The Federal Housing Finance Agency issued a Request for Input on issues facing qualified mortgage borrowers with limited English proficiency (LEP) in order gauge how they can better serve them.

According to the FHFA's 2017 Scorecard for Fannie Mae, Freddie Mac, and Common Securitization Solutions, Fannie Mae and Freddie Mac are required to identify major obstacles for LEP borrowers in accessing mortgage credit and to analyze potential solutions.

This request for input stated that it seeks to start that process to learn more about the procedures and tools that originators, servicers, and other parties in the mortgage lending process presently employ to assist LEP borrowers.

LEP borrowers are individuals who have a limited ability, or no ability, to read, speak, write, or understand English. And individuals who are able to read, speak, write, and understand English but prefer to communicate in a language other than English are referred to as preferred language or PL borrowers.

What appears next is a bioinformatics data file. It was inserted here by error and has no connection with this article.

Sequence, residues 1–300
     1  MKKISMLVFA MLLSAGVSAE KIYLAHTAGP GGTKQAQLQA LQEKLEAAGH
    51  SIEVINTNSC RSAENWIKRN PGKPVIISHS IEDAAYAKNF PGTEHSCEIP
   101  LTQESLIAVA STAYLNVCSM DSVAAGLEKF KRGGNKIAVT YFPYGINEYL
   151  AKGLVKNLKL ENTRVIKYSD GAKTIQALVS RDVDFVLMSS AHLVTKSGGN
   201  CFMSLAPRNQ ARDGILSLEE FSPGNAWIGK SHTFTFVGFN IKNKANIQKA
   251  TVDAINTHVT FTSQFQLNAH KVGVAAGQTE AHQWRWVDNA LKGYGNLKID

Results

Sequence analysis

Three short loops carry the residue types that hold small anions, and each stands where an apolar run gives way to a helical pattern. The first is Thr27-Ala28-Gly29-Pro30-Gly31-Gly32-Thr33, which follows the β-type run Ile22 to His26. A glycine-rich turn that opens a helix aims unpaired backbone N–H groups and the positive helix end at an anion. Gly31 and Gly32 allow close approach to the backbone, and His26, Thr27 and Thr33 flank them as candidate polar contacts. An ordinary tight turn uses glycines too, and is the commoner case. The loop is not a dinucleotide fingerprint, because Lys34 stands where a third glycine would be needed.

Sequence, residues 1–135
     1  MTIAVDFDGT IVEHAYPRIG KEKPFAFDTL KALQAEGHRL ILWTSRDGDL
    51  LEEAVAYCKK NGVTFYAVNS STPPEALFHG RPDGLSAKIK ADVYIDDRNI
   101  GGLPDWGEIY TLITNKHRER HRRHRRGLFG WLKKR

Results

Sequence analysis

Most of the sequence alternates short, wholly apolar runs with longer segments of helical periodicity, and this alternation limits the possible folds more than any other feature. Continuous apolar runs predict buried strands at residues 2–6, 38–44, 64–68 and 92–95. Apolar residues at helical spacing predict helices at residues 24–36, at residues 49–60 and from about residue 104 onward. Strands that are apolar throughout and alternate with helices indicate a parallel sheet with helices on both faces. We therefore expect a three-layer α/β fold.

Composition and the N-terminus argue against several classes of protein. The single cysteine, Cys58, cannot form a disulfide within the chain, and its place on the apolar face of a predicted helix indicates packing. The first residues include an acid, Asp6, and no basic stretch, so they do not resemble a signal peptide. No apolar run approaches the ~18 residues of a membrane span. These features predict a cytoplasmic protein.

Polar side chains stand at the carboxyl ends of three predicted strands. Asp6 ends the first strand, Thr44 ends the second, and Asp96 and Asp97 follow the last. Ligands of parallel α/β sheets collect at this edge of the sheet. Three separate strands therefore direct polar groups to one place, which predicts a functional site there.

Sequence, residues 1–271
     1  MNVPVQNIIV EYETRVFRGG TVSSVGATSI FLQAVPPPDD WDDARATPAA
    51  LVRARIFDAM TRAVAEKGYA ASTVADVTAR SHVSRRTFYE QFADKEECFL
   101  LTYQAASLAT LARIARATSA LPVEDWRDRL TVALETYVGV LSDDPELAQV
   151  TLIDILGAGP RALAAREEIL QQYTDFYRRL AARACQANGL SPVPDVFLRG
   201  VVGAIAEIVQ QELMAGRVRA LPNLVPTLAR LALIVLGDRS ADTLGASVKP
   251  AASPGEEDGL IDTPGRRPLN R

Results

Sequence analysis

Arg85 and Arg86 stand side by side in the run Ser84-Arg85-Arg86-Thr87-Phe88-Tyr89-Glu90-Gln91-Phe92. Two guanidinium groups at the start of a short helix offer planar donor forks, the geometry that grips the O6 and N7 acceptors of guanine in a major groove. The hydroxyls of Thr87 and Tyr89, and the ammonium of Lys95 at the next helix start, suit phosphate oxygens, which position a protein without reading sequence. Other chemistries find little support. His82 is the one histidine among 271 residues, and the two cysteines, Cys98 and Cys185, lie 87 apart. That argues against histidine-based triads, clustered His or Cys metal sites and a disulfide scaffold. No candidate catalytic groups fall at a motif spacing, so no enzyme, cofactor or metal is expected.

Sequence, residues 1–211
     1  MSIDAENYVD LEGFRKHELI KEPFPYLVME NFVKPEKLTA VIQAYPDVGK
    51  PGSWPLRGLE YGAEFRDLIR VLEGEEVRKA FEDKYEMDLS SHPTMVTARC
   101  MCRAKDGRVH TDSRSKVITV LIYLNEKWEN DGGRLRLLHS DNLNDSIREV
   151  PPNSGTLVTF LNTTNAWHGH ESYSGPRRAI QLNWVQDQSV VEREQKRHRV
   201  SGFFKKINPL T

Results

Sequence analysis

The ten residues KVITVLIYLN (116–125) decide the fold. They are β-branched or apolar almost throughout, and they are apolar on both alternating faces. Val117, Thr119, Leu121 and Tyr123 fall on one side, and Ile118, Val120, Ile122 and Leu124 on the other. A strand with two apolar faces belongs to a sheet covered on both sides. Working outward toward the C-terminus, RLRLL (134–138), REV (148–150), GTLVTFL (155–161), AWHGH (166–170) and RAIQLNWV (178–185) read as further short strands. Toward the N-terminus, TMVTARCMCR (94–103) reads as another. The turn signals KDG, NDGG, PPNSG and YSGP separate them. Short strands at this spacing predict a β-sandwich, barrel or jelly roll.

The FHFA noted it believes that addressing issues related to LEP borrowers will typically benefit PL borrowers as well.

All input should be submitted by July 10, 2017. From here, the FHFA aims to develop a multi-year plan appropriate for the enterprises to support improved access.

And while the FHFA added that the enterprises, mortgage industry participants, and other government agencies have taken meaningful steps to address this issue, it is seeking input on actions the enterprises could take, appropriate to their role as secondary market participants.

Roughly a year ago, a coalition of civil rights groups pressured the Consumer Financial Protection Bureau to enhance protections for mortgage services to potential homeowners who grapple with the English language.

The Americans for Financial Reform, in order to get their way, would need help from the Federal Housing Finance Agency, HUD, and the federal banking agencies in order to make these proposals work.

"As we have previously observed, the expectations of the CFPB and other regulators for serving limited English proficiency customers present numerous challenges for financial institutions, including UDAAP and fair lending risks, and regulators have not yet provided financial institutions with guidance about how to serve LEP consumers without taking such risks," said attorney John Culhane at the time. "We were therefore glad to see that AFR’s recommendations include the CFPB’s provision of affirmative written guidance/regulations."